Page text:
A Few Quotes from the Book
"All my life I've been going somewhere, aimed toward a fixed point on the horizon that seems never to draw nearer. In the beginning, I chased it with abandon, with confidence, and somewhat later with frustration, and then with grief, and later yet with the clarity of an escape artist. It is far too late to step, even if I run in my mind only, out of habit.
 You do what you do until you're done. You are who you are until you're not."

"She must be very young indeed if she imagines it possible to go home."

"The appearance of perfection does not interest me. It is the illumination of near-disaster beside which we all teeter, at all times, that interests me. It is laughing in the face of what might have been, and what is not."

Monday, February 11, 2019

The Body

Oops, I reviewed this book out of order since it was a joint review with my daughter.

Book 16 of my 2019 Reading Challenge
read on February 10

The Body
by Carol Ellis

Summary (via the book jacket)
published 1995

She's seen something too horrifying for words.
No one knows what really happened the night Lisa Randolph fell off the cliff. Now she is paralyzed and mute, so it seems no one ever will.
The Melanie is hired to read to Lisa. At first Lisa just stares blankly, soon she seems to be desperately trying to tell Melanie a secret.
After Melanie's own life is threatened, she knows Lisa's secret is...deadly.

Megan's (12 years old) Opinion
5 stars

"This is one of my favorite books.  It's right up there with 'The Diary of Anne Frank' and 'Out of My Mind'.  I liked the ending, it was a real plot twist.

This is the first thriller I've read and it really set the standard high.  I would like to read this author again.

I've recommended it lots of times since I finished it."

My Opinion
4 stars

When Megan finished this she immediately said I had to read it because she wanted to discuss the ending with someone.  She gave it to me before bed last night and the first words out of her mouth this morning were, "Have you read it yet?" so I knew it had to be a priority.  I sat down right away and finished it in about an hour.

I'm rating it highly because of her reaction and passion for passing it along.  I know I'm not the target audience for this but I would've also loved it at her age.  Even at my age it kept my interest and had some surprises along the way.  I didn't expect the pages to pass as quickly as they did and I had sweaty palms at the end because I wasn't sure how everything would resolve.

I will definitely see if this author has any other books Megan can read.

Sunday, February 10, 2019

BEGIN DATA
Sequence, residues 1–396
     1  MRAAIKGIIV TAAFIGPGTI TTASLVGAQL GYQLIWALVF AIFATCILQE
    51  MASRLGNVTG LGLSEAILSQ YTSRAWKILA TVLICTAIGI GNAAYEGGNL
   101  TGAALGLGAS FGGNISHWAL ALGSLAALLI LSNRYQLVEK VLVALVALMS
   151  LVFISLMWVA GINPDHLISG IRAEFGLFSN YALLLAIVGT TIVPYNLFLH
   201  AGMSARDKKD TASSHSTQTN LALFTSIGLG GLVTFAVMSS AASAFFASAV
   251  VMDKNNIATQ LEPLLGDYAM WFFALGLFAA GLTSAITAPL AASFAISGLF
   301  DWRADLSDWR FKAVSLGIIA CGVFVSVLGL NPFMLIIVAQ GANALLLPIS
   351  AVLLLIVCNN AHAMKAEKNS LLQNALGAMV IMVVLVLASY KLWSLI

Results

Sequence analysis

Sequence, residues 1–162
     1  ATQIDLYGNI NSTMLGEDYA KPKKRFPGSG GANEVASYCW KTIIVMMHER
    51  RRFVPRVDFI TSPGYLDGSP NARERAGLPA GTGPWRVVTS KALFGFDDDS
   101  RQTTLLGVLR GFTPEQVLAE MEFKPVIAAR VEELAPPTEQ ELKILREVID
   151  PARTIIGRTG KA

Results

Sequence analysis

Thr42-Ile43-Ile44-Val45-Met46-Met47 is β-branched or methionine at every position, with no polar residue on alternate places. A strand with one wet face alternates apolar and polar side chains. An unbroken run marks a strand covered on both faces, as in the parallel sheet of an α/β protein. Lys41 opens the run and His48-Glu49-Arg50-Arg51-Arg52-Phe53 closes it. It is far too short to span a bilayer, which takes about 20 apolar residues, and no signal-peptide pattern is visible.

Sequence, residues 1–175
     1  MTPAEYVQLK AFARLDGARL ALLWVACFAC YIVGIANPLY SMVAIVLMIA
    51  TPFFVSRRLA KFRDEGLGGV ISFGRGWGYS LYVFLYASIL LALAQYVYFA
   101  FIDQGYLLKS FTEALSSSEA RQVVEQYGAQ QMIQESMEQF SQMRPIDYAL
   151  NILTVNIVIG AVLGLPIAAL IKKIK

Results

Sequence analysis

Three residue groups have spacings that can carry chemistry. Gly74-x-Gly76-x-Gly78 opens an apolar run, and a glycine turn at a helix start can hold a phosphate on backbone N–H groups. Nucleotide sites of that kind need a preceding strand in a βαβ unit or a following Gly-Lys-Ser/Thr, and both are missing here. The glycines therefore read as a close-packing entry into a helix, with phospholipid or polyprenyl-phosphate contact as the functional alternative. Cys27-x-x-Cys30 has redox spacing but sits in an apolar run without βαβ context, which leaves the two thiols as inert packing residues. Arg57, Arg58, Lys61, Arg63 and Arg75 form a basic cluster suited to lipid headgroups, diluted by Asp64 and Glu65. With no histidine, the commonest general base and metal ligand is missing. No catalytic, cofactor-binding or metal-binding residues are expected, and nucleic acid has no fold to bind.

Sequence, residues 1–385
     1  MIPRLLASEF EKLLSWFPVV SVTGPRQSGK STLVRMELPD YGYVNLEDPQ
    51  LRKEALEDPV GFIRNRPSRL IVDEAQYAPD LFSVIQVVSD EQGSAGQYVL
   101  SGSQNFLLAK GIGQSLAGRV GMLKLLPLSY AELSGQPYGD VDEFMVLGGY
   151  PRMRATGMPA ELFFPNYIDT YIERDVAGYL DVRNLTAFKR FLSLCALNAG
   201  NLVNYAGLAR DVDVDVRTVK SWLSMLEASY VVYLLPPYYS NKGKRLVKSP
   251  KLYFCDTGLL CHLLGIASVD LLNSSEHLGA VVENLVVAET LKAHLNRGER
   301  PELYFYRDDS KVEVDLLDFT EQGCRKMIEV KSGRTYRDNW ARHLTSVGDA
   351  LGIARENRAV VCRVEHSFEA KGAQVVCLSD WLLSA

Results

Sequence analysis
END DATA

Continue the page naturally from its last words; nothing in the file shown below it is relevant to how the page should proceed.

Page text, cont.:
Book 12 of my 2019 Reading Challenge
read from January 19 - 30

by Andrew Lloyd Webber

Summary (via Goodreads)
published 2018
One of the most successful and distinguished artists of our time, Andrew Lloyd Webber has reigned over the musical theatre world for nearly five decades. The winner of numerous awards, including multiple Tonys and an Oscar, Lloyd Webber has enchanted millions worldwide with his music and numerous hit shows, including Jesus Christ Superstar, Evita, Cats, The Phantom of the Opera—Broadway’s longest running show—and most recently, School of Rock. In Unmasked, written in his own inimitable, quirky voice, the revered, award-winning composer takes stock of his achievements, the twists of fate and circumstance which brought him both success and disappointment, and the passions that inspire and sustain him.
The son of a music professor and a piano teacher, Lloyd Webber reveals his artistic influences, from his idols Rodgers and Hammerstein and the perfection of South Pacific’s “Some Enchanted Evening,” to the pop and rock music of the 1960s and Puccini’s Tosca, to P. G. Wodehouse and T. S. Eliot. Lloyd Webber recalls his bohemian London youth, reminiscing about the happiest place of his childhood, his homemade Harrington Pavilion—a make-believe world of musical theatre in which he created his earliest entertainments.
A record of several exciting and turbulent decades of British and American musical theatre and the transformation of popular music itself, Unmasked is ultimately a chronicle of artistic creation. Lloyd Webber looks back at the development of some of his most famous works and illuminates his collaborations with luminaries such as Tim Rice, Robert Stigwood, Harold Prince, Cameron Mackintosh, and Trevor Nunn. Taking us behind the scenes of his productions, Lloyd Webber reveals fascinating details about each show, including the rich cast of characters involved with making them, and the creative and logistical challenges and artistic political battles that ensued.
Lloyd Webber shares his recollections of the works that have become cultural touchstones for generations of fans: writings songs for a school production that would become his first hit, Joseph and the Amazing Technicolor Dreamcoat; finding the coterie of performers for his classic rock opera Jesus Christ Superstar; developing his first megahit, Evita, which would win seven Tonys Awards, including Best Musical; staking his reputation and fortune on the groundbreaking Cats; and making history with the dazzling The Phantom of the Opera.